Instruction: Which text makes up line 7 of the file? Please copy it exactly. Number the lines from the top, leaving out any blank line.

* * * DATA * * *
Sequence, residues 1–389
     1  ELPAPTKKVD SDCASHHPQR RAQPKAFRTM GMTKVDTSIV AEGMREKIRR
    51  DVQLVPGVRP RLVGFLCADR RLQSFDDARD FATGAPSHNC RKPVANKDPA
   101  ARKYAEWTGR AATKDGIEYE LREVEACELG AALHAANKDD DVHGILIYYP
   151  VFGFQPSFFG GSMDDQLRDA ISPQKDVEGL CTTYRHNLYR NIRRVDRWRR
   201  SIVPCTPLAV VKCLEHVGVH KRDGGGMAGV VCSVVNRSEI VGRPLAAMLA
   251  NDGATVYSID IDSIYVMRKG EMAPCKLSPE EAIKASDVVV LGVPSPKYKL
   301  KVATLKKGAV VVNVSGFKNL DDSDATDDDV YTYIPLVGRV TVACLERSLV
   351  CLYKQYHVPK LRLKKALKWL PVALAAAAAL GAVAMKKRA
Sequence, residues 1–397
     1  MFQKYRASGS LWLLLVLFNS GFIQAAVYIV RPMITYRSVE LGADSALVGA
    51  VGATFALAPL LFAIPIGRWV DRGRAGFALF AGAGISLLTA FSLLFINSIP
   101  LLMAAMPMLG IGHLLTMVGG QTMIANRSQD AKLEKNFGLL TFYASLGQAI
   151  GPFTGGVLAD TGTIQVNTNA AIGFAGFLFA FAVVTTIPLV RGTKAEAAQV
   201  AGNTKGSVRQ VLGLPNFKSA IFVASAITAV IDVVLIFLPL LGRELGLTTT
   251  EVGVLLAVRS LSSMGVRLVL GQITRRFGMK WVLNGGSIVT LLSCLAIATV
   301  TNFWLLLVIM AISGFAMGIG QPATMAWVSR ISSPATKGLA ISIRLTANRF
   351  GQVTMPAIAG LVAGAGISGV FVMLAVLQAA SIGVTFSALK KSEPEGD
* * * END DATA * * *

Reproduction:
   251  NDGATVYSID IDSIYVMRKG EMAPCKLSPE EAIKASDVVV LGVPSPKYKL